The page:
Yikes! pencils: Graphite-filled emblems of the 1990s

NOTE: This was originally posted at my pencil blog, Woodclinched. I reposted it here for a few different reasons:

  • I liked it.
  • This speaks more about me than my love of pencils. It’s also about my childhood, a product of 1990s pop culture.

Like many bloggers in their late-twenties, I am proud to be a child of the 90s. I grew up on Nickelodeon, pump-up sneakers, beige Apple computers, Ecto-cooler Hi-C “juice”, and lots of bright, neon colors. And if, like me, you remember the 90s kid culture, you’ll probably remember this commercial from the Saturday morning cartoons:

That’s right. Yikes. I LOVED these pencils. It was a thrill for me every fall to go with my mom to K-Mart and buy school supplies, because she indulged me and let me get these colorful little sticks of fun. Just like the kid in the commercial, they were the opposite of boring. Everything about the design was crafted — from the contrasting (and often, conflicting) color scheme to the odd shapes, from the dyed wood to the bright rubber (and later, polymer) eraser.

And now, they have all but disappeared.

Of course, when I was ten (probably the same age as the kid in the commercial), I didn’t care who made it. I cared that it was colorful. But I didn’t think that it might fall out of style. Who knew that a pencil version

Here’s what I do know: They were made in the USA by Berol (PencilPages tells me so). I know that they hit the market during back-to-school season 1993. According to a 2002 article in the trade journal Chain Drug Review, they were unveiled at a trade show for the School and Home Office Products Association (SHOPA) in 1992. Apparently, they were originally marketing toward girls:

“The big news for us is the debut of a number of extensions to or Yikes! line, which has been a tremendous success, especially among teenage girls,” says Rosie Gillotti, manager of marketing administration at Empire Berol USA.

The extended Yikes! line will include rulers, sharpeners and pencil boxes–all sporting the kinds of wild colors and offbeat designs that ignited the popularity of Yikes! pencils.

[LINK]

Yikes! Pencils shown here with a non-Yikes pencil case from the British Museum gift shop. Available at PencilThings.

If you noticed the commercial, it featured a boy and his father. My little sister was too busy with her Lisa Frank pencils and, if I’m not mistaken, that was about the time Hello Kitty was introduced to the US. Rainbows, unicorns and kitty cats beat out wacky colors and shapes with the archetypal 90s girl any day.

They were in stores at least through 1996, although if I remember correctly, it was much later before they disappeared. At some point in the product line, they started being endorsed by Nickelodeon. That’s about the time they gained a lot more vivid patterns instead of just contrasting solid colors.

Sharpener image found here.

When they created the pencils, they also had erasers, rulers, and a really kick-ass rotary pencil sharpener! A friend had the sharpener, and from the dim memory I have, it worked really well, and sharpened to a short tip. I am trying desperately to find one.

Yikes, it seems are extremely scarce and hard to come by (even more so than the Blackwing, it seems!) I see them show up in eBay auctions every now and then, usually in a lot with other pencils that, to me, have no value. The pencils in the images are a collection I amassed over the period of a few years. One of my favorite fans of scribomechanica, Slywy, sent me the big silver one in the corner with the ridges and the large polymer eraser. The other ones came from a very generous benefactor in a HUGE collection of other pencils from the 90s, some of which I hope to feature later. I heard from him because of a wanted ad in the PencilPages Classifieds.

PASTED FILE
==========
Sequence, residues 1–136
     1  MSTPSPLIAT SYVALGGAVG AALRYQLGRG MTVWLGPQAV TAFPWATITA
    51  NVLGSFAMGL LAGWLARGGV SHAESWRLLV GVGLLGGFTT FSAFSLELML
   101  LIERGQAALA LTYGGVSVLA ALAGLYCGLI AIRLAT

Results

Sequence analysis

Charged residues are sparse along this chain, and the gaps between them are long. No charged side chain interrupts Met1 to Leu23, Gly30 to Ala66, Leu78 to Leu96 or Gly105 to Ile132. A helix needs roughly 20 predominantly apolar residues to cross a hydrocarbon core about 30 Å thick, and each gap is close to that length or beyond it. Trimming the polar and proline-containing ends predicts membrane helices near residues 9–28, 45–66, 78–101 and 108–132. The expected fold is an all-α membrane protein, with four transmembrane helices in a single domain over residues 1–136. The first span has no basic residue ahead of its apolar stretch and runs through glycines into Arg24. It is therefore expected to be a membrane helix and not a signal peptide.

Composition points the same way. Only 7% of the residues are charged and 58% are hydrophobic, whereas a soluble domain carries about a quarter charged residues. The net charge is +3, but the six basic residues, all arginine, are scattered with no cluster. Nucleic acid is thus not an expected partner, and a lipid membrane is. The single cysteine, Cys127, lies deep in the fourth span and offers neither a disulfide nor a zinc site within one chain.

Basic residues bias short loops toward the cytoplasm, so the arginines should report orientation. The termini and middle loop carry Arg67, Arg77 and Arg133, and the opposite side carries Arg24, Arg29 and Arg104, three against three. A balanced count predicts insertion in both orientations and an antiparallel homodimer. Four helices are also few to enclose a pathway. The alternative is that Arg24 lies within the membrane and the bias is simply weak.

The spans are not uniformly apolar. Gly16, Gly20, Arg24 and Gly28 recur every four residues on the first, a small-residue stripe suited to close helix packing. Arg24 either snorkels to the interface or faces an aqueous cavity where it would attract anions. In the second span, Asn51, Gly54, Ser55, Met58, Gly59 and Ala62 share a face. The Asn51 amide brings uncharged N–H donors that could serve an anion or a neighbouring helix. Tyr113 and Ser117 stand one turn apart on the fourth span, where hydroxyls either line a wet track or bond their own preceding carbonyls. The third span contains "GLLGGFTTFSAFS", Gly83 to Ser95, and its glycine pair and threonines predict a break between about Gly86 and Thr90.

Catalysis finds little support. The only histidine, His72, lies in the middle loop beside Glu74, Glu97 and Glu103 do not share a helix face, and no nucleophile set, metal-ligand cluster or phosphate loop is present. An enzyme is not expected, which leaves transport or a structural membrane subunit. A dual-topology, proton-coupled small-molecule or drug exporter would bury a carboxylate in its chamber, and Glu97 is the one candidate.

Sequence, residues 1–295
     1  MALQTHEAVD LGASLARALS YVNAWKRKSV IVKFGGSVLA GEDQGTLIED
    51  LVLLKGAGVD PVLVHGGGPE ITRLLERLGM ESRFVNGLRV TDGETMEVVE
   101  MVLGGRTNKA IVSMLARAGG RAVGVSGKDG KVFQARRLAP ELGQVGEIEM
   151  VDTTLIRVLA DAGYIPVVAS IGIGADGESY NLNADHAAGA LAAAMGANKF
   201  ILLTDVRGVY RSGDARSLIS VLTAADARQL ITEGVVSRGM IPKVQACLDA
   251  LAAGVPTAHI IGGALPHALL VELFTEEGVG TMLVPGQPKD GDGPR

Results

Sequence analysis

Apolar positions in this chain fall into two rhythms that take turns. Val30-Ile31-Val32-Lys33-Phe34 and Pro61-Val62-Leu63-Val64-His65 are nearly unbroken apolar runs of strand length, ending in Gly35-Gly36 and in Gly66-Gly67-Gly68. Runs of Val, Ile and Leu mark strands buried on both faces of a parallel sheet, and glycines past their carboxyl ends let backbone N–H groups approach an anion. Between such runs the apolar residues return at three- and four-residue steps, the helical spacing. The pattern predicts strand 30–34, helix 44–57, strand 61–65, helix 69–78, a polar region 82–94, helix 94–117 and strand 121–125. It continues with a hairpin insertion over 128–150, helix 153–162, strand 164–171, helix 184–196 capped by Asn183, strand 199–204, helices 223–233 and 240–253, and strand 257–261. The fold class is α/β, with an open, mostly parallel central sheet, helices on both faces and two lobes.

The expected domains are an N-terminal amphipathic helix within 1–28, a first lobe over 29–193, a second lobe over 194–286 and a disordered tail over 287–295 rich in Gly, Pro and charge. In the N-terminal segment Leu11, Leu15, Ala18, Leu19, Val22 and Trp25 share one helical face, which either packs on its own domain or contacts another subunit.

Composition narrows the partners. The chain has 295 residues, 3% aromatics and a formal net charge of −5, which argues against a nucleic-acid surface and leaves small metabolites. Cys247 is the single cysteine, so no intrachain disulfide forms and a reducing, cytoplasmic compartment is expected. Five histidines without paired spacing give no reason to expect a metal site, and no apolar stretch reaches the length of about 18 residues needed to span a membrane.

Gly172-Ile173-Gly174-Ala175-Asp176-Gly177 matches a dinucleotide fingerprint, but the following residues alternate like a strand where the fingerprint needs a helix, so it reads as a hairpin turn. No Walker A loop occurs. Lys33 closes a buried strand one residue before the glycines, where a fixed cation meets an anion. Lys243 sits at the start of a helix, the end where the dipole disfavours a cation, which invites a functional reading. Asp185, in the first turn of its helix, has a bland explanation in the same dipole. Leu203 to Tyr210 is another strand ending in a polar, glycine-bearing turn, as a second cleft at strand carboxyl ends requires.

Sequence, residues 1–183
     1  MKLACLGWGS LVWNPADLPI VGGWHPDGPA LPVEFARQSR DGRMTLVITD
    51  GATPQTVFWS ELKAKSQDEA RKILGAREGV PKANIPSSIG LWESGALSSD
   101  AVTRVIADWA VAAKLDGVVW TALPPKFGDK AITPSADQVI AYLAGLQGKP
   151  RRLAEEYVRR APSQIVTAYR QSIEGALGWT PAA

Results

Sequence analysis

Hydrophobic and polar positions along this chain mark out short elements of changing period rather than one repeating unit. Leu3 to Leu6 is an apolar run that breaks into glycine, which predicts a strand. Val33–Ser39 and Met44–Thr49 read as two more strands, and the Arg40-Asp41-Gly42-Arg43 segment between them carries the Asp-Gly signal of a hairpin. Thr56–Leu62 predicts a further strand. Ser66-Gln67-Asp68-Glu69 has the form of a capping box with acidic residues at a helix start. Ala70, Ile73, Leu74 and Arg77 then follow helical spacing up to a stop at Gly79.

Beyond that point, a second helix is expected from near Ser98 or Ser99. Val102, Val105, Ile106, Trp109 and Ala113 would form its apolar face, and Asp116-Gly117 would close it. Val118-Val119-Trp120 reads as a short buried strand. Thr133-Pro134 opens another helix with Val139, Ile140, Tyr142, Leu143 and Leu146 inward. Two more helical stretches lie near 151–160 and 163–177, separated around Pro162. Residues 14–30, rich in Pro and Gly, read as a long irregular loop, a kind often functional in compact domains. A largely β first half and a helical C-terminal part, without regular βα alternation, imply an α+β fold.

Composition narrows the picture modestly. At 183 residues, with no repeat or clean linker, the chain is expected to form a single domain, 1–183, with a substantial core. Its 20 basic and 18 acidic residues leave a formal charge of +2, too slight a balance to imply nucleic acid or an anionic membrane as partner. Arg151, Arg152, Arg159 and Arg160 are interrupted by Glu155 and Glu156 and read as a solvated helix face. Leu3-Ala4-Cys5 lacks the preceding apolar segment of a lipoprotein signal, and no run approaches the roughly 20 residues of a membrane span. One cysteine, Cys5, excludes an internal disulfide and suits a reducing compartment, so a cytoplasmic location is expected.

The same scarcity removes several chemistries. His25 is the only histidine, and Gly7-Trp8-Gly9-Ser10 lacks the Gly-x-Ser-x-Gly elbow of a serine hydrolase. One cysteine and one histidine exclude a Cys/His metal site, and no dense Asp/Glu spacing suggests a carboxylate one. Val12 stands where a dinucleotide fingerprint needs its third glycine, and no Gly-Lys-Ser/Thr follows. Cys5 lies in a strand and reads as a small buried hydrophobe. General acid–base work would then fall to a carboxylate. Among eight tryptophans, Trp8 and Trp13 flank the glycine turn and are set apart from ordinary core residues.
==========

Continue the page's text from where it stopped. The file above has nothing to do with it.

Because of their relative scarcity and impracticality for use, I’m going to take a page from PencilTalk.org‘s book and not review their performance. I can tell you that I remember the lead to be smooth, but not extremely dark. The dyed wood sharpened very smoothly (and of course looked really cool mixed in with all the wood-colored shavings), and the round and triangular pencils were easy to hold and comfortable. I remember the ridged pencil barrels to be sharp and uncomfortable, and sure enough, when I hold it in my hand now, I can imagine the blisters I got on my middle finger from holding that sucker. I have no memory of the eraser, and the samples I have now are too old to accurately show what the eraser used to be like.

If you find one of these pencils in a desk drawer, or an old Trapper Keeper, or some forgotten place where it’s been sitting for 17 years, let me know. I’d love to get a hold of it. Or better yet, keep it for yourself and treasure it. Remember the days when you would come home from school, have a Mondo (or a Squeezit, if you were at my house), maybe eat some Dunkaroos, and start working on your homework. Math was made so much more bearable with a bright yellow pencil with purple wood.

 

2 responses

  1. And I dabble in the history of pencils too. Here’s my website on Henry David Thoreau. Unknown to many, Henry was a pencil maker and just about the best in the country following in his Dad’s footsteps and working in his factory. Thoreau pencils were considered to be the best available at the time. See my little website here for the links: http://dl.dropbox.com/u/9374314/thoreau.html

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